Echoes of Narcissus: Classical Mythology and Postmodern Pessimism in the Crying of Lot 49

By Ferrero, David J. | Pynchon Notes, Spring-Fall 1999 | Go to article overview

Echoes of Narcissus: Classical Mythology and Postmodern Pessimism in the Crying of Lot 49


Ferrero, David J., Pynchon Notes


The Crying of Lot 49 ends on a seemingly hopeful note. Lot 49 may reveal the existence of an energy source beyond the cultural and existential inertia Oedipa Maas has discovered since she left Kinneret for San Narciso to execute her late lover's will. Shortly before the auction begins, Oedipa anticipates this revelation:

   And the voices before and after the dead man's that had phoned at
   random during the darkest, slowest hours, searching ceaseless among
   the dial's ten million possibilities for that magical Other who
   would reveal herself out of the roar of relays, monotone litanies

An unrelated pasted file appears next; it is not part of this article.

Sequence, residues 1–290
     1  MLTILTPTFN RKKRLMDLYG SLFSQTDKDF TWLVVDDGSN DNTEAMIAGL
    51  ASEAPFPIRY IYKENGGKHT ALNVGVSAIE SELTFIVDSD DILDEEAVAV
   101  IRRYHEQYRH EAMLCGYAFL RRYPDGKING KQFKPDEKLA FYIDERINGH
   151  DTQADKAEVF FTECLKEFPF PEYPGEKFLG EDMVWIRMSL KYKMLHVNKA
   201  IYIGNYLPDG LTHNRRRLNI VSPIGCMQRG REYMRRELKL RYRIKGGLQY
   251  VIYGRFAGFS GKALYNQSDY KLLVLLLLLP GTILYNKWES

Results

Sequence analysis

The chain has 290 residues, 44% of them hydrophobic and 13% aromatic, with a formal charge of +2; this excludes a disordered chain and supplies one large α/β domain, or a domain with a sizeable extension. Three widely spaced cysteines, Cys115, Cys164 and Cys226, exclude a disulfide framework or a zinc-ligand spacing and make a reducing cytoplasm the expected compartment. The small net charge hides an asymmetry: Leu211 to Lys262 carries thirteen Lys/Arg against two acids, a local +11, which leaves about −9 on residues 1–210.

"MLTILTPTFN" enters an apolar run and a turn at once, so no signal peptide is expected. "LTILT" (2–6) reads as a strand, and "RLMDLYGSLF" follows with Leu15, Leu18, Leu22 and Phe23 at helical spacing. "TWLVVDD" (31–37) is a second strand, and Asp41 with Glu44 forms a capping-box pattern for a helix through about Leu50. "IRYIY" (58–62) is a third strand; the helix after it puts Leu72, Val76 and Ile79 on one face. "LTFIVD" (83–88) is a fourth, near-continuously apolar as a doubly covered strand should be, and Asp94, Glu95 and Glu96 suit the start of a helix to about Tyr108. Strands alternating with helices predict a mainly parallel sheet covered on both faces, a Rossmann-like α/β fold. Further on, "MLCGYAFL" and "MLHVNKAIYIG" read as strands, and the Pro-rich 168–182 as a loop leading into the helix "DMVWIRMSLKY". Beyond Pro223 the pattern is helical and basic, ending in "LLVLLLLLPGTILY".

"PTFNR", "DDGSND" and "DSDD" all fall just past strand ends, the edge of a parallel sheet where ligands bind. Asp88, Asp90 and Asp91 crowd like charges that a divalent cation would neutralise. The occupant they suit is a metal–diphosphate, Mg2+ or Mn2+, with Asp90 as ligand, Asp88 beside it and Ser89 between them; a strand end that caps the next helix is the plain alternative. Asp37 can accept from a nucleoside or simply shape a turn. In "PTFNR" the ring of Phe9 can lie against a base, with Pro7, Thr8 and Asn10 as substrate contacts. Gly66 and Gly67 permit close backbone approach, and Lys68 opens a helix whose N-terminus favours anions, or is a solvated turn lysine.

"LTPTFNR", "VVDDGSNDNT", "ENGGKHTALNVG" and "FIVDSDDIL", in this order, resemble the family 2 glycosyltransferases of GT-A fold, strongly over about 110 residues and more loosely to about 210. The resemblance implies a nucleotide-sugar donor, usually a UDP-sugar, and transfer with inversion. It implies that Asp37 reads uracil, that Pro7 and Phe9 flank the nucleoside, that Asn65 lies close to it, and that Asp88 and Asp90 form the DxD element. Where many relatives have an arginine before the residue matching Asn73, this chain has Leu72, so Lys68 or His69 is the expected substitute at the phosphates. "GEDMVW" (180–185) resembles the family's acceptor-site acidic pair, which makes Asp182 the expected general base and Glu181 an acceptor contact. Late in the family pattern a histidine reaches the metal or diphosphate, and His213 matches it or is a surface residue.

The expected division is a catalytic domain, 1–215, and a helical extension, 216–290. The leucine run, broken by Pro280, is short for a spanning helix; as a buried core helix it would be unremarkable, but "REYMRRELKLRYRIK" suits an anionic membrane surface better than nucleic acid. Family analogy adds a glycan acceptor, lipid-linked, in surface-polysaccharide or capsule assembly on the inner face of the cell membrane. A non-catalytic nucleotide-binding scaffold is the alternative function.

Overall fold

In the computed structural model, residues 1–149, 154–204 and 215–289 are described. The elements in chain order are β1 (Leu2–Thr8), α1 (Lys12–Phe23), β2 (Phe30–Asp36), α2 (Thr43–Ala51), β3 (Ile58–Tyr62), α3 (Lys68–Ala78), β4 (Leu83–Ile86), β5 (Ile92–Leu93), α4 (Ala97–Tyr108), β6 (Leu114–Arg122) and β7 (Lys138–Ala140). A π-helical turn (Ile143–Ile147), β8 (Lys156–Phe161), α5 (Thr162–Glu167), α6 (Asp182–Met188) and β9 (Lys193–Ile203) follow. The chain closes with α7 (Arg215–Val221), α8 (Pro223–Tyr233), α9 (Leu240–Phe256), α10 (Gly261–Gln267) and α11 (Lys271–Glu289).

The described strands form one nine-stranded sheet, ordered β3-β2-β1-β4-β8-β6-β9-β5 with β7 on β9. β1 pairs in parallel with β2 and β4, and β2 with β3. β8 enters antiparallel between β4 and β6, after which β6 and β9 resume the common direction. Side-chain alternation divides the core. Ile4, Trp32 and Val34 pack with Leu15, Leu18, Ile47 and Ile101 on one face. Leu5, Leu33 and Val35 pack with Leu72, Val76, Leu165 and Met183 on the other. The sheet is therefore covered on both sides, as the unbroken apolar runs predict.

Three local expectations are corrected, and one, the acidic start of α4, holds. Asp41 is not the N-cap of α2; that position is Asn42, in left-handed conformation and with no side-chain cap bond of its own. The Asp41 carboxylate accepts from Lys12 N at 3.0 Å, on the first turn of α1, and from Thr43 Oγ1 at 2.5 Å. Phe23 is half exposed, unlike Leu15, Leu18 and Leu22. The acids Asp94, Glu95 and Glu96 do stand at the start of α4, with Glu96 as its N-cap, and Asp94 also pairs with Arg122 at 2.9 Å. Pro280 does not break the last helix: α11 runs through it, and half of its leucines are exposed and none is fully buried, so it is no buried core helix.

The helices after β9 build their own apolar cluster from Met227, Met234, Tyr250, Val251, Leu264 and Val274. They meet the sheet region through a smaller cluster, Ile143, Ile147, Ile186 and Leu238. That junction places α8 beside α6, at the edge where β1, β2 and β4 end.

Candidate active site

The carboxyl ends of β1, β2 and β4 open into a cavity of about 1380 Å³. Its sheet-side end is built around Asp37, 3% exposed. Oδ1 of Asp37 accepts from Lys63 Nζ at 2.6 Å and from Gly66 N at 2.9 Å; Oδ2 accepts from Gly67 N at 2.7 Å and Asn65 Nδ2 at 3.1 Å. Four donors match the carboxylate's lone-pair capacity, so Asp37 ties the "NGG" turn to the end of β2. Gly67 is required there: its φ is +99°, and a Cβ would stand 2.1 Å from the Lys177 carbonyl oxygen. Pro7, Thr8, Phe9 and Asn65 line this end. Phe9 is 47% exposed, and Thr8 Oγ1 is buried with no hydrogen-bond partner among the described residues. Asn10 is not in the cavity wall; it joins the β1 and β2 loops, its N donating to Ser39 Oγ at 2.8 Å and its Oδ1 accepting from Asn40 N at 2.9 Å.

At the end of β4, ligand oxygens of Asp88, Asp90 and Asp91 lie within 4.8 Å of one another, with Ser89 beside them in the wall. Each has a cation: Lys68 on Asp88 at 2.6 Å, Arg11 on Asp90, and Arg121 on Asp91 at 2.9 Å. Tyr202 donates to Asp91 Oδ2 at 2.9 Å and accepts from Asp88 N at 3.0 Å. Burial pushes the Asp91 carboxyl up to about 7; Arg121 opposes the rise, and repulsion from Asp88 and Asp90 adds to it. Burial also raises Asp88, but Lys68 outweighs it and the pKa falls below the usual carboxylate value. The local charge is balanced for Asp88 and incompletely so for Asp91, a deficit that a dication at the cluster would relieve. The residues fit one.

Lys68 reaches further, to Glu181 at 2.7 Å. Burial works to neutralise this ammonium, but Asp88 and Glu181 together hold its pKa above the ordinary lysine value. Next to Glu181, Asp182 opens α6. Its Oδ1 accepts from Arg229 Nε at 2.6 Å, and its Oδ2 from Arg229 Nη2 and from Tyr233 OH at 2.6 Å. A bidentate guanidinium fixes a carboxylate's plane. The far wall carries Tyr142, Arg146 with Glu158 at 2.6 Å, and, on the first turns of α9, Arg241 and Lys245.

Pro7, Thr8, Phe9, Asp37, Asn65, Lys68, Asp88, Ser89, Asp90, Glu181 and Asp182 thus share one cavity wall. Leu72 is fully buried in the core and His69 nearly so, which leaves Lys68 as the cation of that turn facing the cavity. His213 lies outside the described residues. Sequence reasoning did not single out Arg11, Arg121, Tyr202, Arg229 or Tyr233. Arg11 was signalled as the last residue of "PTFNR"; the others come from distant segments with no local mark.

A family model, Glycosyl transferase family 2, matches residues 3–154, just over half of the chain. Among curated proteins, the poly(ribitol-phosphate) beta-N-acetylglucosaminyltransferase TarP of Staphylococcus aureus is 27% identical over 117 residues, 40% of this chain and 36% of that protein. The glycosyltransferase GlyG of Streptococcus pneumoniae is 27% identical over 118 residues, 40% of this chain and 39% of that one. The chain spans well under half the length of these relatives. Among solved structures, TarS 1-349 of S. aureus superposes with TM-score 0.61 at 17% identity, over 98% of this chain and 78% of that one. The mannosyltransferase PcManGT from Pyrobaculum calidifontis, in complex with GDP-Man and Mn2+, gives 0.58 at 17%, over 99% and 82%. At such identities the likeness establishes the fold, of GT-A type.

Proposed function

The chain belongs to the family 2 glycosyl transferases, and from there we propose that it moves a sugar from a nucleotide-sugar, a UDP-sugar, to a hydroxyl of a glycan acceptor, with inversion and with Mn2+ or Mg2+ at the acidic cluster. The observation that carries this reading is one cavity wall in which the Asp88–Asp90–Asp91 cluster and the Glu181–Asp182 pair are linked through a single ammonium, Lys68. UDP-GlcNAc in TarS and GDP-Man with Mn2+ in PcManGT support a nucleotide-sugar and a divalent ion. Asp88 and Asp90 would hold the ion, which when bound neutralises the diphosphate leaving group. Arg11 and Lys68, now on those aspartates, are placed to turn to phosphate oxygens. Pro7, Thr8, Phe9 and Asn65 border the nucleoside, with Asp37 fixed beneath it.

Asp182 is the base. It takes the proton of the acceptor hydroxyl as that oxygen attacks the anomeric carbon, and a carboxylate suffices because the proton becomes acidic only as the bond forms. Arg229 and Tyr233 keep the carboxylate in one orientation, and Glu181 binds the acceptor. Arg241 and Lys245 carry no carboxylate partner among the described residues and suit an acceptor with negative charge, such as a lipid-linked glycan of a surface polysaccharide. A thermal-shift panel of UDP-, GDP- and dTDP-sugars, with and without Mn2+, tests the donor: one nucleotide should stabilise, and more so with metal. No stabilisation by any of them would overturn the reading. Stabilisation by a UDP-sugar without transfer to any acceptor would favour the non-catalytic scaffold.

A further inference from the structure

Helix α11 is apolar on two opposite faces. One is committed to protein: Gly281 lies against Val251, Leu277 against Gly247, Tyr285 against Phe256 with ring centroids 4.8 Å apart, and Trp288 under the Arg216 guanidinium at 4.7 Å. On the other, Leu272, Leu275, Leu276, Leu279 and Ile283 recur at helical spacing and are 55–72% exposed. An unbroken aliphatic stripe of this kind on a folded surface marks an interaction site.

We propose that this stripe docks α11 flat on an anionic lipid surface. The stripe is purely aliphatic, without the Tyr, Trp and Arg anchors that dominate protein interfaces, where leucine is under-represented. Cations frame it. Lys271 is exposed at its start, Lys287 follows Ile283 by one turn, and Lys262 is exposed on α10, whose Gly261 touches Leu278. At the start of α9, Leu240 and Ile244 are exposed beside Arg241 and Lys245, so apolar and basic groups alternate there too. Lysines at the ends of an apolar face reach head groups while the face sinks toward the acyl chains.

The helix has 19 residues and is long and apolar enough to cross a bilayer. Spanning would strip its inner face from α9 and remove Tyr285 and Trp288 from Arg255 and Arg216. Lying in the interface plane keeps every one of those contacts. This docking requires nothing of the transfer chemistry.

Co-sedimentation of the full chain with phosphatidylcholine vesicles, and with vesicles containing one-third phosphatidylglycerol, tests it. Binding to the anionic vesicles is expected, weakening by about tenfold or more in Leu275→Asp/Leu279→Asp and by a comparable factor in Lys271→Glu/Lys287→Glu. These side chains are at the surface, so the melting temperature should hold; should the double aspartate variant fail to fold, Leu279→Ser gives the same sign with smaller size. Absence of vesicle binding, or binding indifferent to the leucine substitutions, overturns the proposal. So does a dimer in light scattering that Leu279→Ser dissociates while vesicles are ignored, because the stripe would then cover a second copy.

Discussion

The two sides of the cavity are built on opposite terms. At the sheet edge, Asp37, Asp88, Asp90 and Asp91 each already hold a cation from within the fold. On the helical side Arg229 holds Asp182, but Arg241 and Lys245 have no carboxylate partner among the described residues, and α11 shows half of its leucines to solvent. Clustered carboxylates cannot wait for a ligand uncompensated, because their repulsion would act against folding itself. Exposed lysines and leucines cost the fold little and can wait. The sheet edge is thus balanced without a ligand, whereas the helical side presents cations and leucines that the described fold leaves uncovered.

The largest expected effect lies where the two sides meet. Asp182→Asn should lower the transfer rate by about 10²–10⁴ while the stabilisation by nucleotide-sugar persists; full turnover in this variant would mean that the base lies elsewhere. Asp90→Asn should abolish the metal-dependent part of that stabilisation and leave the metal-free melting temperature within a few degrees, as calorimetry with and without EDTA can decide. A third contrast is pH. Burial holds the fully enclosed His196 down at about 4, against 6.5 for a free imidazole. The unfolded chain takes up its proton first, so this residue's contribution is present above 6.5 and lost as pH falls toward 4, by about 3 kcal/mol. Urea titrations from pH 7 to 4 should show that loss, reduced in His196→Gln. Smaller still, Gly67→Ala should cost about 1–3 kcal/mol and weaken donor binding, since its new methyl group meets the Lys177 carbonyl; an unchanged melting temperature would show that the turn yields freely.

of insult, filth, fantasy, love whose brute repetition must someday
   call into being the trigger for the unnamable act, the recognition,
   the Word. (180)

The capitalized "Word," culminating as it does the catalog of chaotic din that constitutes Oedipa's world, underscores the desire for transcendence and a return to the coherence and order embodied in the originary Logos.

The hope for transcendence implied in Oedipa's thoughts grows in part from her uneasiness with the binary structuring of her world built on difference and either/or choices. She would prefer that the crying of lot 49 reveal "another set of possibilities to replace those that had conditioned the land to accept any San Narciso among its most tender flesh without a reflex or a cry," but she would settle "at the very least ... for a symmetry of choices to break down, to go skew." Thus, once and for all, she would know: "Behind the hieroglyphic streets there would either be a transcendent meaning, or only the earth" (181). A string of Christian allusions underscores this hope: